by DAN LYBARGER  | October 26, 2019

Originally Published at: https://www.efilmcritic.com/review.php?movie=32939&reviewer=382

As he matures, producer-director Deon Taylor is slowly learning that storytelling can be a lot more suspenseful than borrowing jump scares from other movies.

In his previous thriller The Intruder, Taylor practically broadcast the dangers to come so it wasn’t shocking that Dennis Quaid wasn’t an ideal neighbor.

This time around, Taylor has more to work with than a capable actor handling the heavy. With Black and Blue, he’s got a great setup, an ideal setting and two leads who manage to make even the most eye-rolling sequences credible. Fresh from her Oscar-nomination in Moonlight, British actress Naomie Harris effortlessly plays Alicia West, a rookie copy whose devotion to the letter of the law gets in the way of her ability to enforce it.

After having returned from two tours of duty in Afghanistan, patrolling the streets of New Orleans might have seemed relatively easy.

It isn’t.

Unless a cop is in danger, his or her fellow officers won’t answer calls in sections of the Ninth Ward. People who knew her before she left town won’t talk to her because she’s part of the Crescent City’s finest, and white officers stop her for jogging in her own neighborhood. When they find out she’s as blue as they are, the apologies ring hollow.

Alicia’s situation goes from uncomfortable to life threatening when she signs up for an extra shift. Her more experienced partner (James Moses Black) resents her second guessing him and thinks her insistence on wearing her body camera is more irritating than responsible. When a perp that he roughs up turns out to be armed, she wonders if she might be approaching the job incorrectly.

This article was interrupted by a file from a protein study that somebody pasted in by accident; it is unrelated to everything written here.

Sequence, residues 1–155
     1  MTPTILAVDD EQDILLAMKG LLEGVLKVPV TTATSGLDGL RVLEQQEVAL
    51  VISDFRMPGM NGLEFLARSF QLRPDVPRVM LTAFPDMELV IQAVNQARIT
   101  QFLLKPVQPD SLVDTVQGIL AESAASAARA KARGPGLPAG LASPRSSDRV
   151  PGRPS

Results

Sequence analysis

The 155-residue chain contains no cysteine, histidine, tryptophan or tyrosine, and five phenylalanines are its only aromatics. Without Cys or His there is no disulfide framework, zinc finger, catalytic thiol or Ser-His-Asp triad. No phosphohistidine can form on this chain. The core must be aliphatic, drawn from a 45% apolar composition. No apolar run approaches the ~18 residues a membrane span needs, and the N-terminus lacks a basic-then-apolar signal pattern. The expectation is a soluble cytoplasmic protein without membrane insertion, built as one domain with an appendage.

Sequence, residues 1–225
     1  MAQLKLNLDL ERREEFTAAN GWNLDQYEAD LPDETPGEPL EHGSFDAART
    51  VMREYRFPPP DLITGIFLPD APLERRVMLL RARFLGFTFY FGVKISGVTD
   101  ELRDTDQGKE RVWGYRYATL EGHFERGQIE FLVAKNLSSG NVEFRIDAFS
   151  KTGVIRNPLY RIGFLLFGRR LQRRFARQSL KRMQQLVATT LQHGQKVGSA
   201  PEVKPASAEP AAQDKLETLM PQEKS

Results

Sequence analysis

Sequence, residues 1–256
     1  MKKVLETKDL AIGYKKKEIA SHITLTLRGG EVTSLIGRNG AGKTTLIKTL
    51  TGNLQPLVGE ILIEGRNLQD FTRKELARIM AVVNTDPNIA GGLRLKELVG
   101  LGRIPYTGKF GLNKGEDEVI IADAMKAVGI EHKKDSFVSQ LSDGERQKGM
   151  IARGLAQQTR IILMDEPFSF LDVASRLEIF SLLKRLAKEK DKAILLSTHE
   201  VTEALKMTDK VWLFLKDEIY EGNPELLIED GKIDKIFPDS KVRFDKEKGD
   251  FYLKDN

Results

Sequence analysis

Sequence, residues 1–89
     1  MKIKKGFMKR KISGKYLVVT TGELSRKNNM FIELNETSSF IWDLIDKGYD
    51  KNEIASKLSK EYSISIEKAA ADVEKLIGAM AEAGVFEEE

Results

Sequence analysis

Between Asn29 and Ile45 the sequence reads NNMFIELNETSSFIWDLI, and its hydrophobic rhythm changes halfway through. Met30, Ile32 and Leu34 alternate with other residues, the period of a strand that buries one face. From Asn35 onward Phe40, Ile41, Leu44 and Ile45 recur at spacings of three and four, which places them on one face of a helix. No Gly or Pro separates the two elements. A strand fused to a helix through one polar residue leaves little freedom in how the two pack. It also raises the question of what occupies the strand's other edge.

Those doubts disappear when she discovers two fearsome looking narcs (Frank Grillo and Nelson Bonilla) gunning down two unarmed teenagers. The images her camera captures could either save her life or get her killed. Unfortunately, her precinct is swarming with dirty cops who all want her dead, and one of the teens is the nephew of an unforgiving gangster named Darius (Mike Colter)

The only person in the Ninth Ward who’s willing to help her is a store clerk named Milo “Mouse” Jackson (Tyrese Gibson). As the name implies, he keeps to himself and doesn’t say much, but he can be brave when the situation requires it.

Similarly, it’s a pleasure to see Gibson being asked to play something other than sullen. Taylor and screenwriter Peter A. Dowling (another Brit) ask him to be emotionally wounded or scared, and he handles both beautifully. While it’s a given that Harris can handle her role, Gibson manages to hold his own nicely.

As Taylor depicts it, the Ninth Ward is violent and physically shabby, but its residents have a commendable resolve the ruined buildings can’t extinguish. As a result, one can see why Alicia would want to protect and serve them even if they are consistently antagonistic to her. Cinematographer Dante Spinotti (L.A. ConfidentialThe Last of the Mohicans) effortlessly captures the decay of the trouble neighborhood without making it look like a complete wasteland.

Because having both the PDNO and the mob chasing after Alicia is naturally frightening, a more subtle hand might have been helpful. At this level of danger, you don’t have to work too hard to make racist homicidal narcs scary.

Taylor and Dowling seem eager to please the audience, maybe a little too eager. Some of the surprises aren’t terribly surprising because the filmmakers hint they’re coming. Harris and Gibson are already easy to cheer for. We don’t need any reminders.


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Dan Lybarger is a freelance film critic and writer whose work has appeared in The Kansas City Star, The Pitch, The Arkansas Democrat-Gazette, Cineaste and other publications.